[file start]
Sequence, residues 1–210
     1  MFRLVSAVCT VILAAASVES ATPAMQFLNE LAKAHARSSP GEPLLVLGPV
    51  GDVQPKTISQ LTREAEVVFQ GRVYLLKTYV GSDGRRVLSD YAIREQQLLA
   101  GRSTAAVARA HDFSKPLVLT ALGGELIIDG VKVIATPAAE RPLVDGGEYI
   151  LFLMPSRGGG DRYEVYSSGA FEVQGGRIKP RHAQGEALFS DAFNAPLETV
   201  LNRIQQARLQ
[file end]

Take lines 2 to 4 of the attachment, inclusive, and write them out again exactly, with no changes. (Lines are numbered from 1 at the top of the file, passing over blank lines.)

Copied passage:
     1  MFRLVSAVCT VILAAASVES ATPAMQFLNE LAKAHARSSP GEPLLVLGPV
    51  GDVQPKTISQ LTREAEVVFQ GRVYLLKTYV GSDGRRVLSD YAIREQQLLA
   101  GRSTAAVARA HDFSKPLVLT ALGGELIIDG VKVIATPAAE RPLVDGGEYI